The first picture shows a view from the SE on the approach along the access path. The nave and chancel are under one roof, with a brick-built south aisle. The nave roof is covered in slates and the south aisle is lead covered. The broad west tower is thought to have been substantially rebuilt in 1422,
the cost being offset by donations left for it. There were further donations for the tower in 1465-6. Evidence of the powerful buttresses indicates that it was originally going to be much
taller, and also that the 12cwt ring of bells may have been
heavier, or intended to have been heavier.
There is a south porch leading to the entrance doorway. Access to the ringing chamber and west gallery is encouraged, and to the bell chamber is possible with care.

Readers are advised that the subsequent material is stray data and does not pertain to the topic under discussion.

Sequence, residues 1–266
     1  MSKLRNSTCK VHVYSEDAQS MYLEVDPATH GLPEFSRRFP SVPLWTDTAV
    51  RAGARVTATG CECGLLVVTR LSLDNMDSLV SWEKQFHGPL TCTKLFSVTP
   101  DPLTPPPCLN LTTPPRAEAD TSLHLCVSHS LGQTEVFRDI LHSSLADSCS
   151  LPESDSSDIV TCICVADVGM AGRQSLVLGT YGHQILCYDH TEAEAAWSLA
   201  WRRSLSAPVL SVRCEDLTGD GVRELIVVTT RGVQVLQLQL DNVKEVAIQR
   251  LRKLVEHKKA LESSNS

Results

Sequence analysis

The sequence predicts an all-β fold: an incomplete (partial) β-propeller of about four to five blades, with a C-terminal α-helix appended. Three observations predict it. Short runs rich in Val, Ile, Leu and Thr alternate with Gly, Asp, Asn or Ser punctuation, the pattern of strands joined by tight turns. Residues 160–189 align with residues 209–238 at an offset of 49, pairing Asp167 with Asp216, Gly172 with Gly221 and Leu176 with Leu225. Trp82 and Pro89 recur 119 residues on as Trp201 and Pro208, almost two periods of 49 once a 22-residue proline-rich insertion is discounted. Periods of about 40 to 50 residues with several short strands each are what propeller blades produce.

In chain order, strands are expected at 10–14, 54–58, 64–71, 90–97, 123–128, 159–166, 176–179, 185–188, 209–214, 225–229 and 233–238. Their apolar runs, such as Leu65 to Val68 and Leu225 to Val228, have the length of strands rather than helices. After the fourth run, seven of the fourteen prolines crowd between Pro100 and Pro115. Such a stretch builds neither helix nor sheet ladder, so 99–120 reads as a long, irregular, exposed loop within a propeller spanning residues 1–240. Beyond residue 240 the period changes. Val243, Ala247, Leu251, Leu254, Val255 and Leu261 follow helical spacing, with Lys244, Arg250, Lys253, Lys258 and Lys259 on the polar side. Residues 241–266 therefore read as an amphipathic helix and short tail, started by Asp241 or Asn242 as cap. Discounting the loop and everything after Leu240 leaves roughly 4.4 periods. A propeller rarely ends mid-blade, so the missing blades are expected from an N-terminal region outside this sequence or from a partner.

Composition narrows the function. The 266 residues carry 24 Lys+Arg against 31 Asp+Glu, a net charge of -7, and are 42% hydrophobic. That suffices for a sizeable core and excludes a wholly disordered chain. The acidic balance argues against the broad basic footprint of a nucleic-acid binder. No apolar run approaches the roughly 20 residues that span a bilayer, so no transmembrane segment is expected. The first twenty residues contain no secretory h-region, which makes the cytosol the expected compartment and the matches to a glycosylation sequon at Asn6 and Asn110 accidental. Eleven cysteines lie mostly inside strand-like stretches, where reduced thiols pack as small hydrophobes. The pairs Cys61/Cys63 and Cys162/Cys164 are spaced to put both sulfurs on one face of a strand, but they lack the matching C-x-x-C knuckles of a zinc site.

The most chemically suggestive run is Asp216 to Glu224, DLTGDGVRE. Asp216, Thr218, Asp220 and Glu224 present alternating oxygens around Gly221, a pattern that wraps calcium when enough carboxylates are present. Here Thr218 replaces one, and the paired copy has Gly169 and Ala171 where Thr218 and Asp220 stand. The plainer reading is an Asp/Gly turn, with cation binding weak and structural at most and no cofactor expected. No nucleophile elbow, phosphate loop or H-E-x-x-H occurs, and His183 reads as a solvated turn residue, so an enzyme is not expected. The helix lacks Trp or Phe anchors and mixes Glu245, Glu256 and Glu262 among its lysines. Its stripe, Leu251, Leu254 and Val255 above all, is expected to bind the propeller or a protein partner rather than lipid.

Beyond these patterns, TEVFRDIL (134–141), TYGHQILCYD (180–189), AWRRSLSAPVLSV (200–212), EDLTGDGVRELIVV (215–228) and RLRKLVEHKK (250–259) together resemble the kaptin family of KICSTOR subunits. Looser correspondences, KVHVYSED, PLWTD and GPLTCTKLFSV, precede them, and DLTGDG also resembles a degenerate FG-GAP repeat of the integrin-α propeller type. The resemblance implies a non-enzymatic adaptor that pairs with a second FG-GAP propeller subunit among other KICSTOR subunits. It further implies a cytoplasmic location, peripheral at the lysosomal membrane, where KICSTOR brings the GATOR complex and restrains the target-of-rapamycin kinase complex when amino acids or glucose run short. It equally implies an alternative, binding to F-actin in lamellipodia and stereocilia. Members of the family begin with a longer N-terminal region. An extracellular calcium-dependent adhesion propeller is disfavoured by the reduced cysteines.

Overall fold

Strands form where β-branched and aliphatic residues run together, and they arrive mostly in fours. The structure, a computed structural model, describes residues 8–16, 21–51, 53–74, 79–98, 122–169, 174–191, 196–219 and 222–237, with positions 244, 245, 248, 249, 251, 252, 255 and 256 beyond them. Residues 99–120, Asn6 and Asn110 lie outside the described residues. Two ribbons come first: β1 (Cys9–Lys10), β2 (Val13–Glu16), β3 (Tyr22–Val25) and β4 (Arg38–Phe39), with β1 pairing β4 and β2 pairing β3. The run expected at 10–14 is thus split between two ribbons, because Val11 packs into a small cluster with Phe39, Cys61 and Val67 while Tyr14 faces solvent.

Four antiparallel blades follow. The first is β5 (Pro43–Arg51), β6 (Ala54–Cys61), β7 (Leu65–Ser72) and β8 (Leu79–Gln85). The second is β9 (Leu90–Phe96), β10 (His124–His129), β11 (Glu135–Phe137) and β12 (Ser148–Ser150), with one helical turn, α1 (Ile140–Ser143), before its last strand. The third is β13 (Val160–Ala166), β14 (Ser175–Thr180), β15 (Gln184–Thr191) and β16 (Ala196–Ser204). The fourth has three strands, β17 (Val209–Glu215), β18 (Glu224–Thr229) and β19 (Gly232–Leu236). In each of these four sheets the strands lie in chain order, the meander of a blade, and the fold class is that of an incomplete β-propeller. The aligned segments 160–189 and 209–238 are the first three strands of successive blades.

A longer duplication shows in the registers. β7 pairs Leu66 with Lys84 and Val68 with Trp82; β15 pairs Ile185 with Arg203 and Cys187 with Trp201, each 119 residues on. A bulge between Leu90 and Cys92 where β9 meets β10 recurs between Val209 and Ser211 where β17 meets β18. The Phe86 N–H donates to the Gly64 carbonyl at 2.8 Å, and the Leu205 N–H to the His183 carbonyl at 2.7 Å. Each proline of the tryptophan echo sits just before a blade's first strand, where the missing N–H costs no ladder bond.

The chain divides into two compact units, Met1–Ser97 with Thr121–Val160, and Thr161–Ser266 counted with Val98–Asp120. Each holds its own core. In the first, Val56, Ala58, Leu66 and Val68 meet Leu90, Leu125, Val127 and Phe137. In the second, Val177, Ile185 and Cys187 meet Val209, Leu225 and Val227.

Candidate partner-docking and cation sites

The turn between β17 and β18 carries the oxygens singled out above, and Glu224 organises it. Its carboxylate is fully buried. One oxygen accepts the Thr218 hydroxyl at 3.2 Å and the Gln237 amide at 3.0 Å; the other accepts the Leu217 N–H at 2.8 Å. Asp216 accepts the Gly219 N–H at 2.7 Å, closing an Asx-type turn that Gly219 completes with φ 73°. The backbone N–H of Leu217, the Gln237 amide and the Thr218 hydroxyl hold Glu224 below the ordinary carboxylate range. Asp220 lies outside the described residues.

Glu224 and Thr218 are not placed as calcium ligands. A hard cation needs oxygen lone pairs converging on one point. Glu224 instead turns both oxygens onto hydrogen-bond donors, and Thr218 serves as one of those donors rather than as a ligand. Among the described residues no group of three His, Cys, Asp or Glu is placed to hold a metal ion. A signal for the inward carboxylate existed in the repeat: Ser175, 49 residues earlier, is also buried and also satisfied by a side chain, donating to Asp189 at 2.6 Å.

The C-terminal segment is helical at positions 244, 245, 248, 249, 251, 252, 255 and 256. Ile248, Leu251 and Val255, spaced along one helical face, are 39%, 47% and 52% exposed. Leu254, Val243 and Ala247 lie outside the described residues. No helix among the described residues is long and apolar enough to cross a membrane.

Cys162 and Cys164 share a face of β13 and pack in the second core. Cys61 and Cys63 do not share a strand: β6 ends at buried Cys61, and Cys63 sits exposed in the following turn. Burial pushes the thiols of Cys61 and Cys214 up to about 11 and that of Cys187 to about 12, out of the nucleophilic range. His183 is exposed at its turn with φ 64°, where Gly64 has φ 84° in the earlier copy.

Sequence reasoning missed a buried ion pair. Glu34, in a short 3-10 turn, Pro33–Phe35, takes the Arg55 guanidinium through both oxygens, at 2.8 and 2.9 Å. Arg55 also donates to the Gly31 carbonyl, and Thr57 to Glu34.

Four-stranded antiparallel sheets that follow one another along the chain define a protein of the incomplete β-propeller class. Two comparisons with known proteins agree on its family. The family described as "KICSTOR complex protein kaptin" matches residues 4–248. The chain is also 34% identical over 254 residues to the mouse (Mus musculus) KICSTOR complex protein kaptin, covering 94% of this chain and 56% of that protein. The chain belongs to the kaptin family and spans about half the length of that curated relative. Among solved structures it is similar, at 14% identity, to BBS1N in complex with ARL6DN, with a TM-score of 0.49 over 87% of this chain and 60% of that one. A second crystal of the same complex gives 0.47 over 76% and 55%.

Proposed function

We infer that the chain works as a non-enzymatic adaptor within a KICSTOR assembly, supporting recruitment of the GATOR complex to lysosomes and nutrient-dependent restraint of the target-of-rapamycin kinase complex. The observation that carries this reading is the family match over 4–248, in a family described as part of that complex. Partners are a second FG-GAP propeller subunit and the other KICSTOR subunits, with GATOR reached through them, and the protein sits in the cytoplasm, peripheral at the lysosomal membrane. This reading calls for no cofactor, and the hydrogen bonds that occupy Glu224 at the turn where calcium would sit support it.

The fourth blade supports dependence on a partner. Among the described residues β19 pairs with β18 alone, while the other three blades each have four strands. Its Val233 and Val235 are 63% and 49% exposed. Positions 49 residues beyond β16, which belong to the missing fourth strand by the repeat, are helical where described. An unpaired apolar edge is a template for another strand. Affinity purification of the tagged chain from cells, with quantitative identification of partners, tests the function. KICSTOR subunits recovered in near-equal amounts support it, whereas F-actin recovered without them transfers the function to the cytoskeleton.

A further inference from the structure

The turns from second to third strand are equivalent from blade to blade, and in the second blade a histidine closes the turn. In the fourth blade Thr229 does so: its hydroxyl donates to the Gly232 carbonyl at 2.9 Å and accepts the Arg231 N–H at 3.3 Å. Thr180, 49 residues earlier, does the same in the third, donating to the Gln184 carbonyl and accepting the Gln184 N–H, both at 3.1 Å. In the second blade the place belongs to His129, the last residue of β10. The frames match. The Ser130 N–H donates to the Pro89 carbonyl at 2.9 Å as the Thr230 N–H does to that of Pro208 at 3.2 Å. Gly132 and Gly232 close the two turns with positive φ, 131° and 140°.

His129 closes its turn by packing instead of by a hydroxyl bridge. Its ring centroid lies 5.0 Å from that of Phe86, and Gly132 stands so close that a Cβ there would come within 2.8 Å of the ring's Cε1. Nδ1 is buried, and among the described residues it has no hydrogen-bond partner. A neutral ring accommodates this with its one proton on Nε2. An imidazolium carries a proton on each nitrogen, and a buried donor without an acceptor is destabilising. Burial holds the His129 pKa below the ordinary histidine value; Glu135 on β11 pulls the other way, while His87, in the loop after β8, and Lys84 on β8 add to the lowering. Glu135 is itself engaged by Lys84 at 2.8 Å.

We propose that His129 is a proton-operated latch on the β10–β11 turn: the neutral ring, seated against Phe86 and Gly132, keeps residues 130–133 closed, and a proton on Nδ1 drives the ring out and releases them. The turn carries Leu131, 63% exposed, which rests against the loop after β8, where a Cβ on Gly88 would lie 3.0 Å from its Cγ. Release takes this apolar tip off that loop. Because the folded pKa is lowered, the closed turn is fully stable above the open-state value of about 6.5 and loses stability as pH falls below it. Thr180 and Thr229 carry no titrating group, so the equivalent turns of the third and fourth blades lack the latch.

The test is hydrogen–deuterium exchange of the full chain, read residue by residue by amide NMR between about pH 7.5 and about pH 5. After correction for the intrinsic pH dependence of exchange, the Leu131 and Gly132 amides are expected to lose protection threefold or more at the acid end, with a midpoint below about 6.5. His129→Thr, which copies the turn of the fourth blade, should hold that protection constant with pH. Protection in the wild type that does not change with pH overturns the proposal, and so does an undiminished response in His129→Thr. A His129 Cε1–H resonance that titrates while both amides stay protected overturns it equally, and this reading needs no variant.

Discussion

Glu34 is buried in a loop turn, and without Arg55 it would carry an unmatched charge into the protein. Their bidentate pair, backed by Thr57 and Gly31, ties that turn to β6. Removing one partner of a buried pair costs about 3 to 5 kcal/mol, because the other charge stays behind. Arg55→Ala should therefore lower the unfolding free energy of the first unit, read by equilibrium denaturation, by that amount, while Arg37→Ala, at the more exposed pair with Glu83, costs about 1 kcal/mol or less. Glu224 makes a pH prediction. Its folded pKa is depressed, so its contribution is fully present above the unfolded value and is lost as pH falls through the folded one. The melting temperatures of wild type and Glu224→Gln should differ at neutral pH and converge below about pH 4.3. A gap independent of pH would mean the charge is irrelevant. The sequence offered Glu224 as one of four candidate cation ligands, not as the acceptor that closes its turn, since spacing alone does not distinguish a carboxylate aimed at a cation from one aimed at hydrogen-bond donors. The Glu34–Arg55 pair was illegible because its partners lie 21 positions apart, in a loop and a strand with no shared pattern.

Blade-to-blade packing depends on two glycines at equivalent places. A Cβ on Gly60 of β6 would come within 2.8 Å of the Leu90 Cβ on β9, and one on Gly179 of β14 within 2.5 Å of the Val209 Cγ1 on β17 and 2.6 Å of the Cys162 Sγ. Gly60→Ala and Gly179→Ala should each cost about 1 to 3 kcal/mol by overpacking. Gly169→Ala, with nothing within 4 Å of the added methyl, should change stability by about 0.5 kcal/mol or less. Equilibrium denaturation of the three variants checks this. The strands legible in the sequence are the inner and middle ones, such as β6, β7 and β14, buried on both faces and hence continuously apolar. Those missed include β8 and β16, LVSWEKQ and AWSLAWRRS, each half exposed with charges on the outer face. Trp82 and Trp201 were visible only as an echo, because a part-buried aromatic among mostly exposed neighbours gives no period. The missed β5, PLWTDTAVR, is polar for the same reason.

In the south aisle (Marsham Chapel) is the grand monument to Thomas Marsham d.1638, and attributed to Humphrey Moyer. It shows the effigy comfortably semi-reclining, though in his shroud, being sounded by the angel above with trumpet to start his resurrection. This is the earliest monument in Norfolk to represent the theme of the Resurrection. Below
the monument can be seen a charnel house full of human bones and two panels left & right displaying the grave digger's tools and equipment. There are black columns either side and above are two reclining angels flanking the Marsham Arms.
In a south aisle window is a collection of stained glass. Here
can be found a delightful image of a round-towered church.
Can anyone identify this church and the maker of the glass?